Walmart. You either love the mega-chain. Or hate it.
In 2012, journalist Hugo Meunier spent three months undercover as a Walmart employee in St. Leonard, Quebec, just north of Montreal. And he survived to write about it.
In Walmart: Diary of an Associate (Fernwood Publishing , $22, March 1), Meunier charts the daily life of an impoverished Walmart worker, referring to his shifts at the box store giant as “somewhere between the army and Walt Disney.” Each shift began with a daily chant before bowing to customer demands and the constant pressure to sell. And since Meunier and his fellow workers could not afford to shop anywhere else, they became further indentured to the multi-billion-dollar corporation.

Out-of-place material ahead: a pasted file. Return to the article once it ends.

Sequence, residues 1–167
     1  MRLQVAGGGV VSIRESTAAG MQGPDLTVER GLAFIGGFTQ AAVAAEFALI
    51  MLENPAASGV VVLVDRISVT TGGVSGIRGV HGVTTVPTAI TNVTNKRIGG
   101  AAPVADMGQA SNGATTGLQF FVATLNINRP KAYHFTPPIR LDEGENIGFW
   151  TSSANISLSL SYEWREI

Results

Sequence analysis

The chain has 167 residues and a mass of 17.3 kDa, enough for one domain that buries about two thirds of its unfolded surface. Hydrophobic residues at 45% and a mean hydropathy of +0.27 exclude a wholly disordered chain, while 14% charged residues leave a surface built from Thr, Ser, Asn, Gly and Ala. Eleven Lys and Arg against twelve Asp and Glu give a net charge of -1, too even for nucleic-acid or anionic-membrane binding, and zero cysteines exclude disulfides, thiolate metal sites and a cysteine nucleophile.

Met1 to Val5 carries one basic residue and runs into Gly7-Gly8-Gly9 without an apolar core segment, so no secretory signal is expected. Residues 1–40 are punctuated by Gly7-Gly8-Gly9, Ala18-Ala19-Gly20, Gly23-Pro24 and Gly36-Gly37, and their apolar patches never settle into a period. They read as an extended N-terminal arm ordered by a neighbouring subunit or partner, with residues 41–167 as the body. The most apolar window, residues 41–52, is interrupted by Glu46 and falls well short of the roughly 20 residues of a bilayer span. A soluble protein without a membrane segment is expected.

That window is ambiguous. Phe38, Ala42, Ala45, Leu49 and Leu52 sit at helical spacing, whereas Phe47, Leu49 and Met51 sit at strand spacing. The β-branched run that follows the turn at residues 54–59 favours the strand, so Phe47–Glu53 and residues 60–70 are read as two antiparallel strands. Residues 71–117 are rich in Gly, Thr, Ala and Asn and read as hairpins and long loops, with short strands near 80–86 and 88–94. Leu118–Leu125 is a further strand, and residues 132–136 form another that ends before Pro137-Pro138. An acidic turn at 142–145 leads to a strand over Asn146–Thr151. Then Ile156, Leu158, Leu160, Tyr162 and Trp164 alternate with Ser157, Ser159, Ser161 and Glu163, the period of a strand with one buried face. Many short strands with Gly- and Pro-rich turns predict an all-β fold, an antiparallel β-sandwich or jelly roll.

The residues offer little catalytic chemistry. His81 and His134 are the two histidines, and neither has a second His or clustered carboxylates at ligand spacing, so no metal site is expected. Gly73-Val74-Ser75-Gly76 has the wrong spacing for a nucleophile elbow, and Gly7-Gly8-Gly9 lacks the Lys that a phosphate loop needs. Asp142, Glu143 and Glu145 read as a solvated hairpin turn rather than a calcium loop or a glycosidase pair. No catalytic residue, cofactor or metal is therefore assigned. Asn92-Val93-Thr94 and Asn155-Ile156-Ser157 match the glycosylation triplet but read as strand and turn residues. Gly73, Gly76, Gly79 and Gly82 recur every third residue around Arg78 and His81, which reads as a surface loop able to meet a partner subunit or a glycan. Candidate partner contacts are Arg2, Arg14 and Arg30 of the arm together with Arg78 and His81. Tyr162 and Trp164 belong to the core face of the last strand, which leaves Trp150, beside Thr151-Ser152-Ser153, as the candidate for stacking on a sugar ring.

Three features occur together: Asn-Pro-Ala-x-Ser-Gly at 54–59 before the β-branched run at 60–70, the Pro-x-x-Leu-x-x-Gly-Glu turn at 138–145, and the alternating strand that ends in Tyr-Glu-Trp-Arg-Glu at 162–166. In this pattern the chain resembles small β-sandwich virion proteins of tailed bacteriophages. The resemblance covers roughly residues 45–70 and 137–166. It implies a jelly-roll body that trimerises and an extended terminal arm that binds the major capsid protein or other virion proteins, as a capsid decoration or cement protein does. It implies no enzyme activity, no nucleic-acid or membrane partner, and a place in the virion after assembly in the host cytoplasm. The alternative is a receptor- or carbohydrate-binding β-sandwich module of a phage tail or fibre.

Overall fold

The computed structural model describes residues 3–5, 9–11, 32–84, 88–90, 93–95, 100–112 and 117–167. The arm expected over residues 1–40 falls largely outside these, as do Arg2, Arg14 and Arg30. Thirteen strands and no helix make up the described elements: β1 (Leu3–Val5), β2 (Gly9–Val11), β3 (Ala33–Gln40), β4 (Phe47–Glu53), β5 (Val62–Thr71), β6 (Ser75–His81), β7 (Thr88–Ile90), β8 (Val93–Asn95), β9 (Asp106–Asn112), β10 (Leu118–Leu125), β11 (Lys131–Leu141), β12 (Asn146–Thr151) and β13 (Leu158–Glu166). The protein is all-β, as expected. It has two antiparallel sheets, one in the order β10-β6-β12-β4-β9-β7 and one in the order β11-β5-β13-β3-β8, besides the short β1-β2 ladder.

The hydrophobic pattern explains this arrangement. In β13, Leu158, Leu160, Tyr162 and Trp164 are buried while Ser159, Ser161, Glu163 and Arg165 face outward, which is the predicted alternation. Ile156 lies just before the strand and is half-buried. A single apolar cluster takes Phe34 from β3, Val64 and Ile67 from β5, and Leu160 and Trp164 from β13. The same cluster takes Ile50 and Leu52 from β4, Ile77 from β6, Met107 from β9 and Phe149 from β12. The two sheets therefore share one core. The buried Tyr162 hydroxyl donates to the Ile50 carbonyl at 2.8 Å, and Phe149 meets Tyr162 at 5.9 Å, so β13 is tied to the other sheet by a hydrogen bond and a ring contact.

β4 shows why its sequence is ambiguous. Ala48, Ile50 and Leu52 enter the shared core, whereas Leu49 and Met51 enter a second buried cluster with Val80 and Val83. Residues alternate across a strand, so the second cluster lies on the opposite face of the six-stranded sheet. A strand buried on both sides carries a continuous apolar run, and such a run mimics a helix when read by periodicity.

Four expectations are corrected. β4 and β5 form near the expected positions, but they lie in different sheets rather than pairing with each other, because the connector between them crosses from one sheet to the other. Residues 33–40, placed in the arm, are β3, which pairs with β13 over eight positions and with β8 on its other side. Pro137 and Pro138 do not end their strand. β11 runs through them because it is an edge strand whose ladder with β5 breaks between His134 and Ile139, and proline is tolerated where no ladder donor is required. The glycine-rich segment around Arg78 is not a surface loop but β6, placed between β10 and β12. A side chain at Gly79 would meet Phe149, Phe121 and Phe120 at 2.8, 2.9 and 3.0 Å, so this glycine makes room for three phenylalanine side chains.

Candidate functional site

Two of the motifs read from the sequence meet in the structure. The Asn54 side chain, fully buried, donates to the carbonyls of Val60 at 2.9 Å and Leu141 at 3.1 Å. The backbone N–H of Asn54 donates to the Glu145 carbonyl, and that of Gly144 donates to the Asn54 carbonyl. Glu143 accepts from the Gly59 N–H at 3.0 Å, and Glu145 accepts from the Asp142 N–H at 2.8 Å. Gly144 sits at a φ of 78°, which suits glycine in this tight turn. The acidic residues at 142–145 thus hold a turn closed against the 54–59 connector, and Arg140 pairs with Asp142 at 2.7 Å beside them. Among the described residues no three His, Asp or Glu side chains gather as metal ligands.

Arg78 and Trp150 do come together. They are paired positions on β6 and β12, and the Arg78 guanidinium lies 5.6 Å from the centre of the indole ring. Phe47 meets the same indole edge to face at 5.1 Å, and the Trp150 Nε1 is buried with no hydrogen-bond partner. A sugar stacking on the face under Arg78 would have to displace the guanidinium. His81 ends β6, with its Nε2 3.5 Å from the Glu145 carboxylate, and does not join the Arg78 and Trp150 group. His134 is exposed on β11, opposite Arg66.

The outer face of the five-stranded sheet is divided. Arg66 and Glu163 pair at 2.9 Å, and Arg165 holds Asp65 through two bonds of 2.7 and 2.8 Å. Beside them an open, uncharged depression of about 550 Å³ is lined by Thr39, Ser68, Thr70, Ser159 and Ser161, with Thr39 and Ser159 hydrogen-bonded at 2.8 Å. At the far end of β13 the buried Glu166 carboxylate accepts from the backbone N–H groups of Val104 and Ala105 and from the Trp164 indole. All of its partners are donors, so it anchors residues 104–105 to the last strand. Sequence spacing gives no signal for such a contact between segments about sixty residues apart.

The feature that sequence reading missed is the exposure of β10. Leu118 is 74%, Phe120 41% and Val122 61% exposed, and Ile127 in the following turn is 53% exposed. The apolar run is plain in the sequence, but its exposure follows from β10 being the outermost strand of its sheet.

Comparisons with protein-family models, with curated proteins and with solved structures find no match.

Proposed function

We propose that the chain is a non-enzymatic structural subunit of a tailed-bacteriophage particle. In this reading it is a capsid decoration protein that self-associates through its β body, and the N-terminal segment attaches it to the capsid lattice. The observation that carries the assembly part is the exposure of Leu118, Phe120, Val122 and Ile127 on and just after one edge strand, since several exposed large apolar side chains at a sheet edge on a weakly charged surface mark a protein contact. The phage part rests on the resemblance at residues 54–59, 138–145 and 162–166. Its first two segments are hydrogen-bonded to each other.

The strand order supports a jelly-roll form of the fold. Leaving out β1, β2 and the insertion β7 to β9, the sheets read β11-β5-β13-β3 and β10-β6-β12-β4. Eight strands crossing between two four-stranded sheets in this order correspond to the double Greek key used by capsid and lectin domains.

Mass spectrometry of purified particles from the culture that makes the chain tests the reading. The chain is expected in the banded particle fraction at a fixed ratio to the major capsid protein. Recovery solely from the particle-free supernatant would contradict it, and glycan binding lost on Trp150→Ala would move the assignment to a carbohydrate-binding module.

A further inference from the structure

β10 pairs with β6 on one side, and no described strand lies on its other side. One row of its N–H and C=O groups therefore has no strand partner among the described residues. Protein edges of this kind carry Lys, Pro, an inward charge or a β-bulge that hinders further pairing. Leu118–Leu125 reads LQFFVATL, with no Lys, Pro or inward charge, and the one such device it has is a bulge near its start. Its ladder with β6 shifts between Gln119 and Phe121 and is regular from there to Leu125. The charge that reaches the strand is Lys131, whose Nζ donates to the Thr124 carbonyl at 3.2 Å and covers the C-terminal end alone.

Beyond his time on the shop floor, Meunier documents (in great detail) the extraordinary efforts that Walmart exerts to block unionization campaigns, including their 2005 decision to close their outlet in the city of Jonquiere, where the United Food and Commercial Workers union had successfully gained certification rights. A decade later he charts the Supreme Court of Canada ruling that exposed the dubious legal ground on which Walmart stood in invoking closure and throwing workers out on the street.
Walmart: Diary of an Associate will make you think twice before shopping there.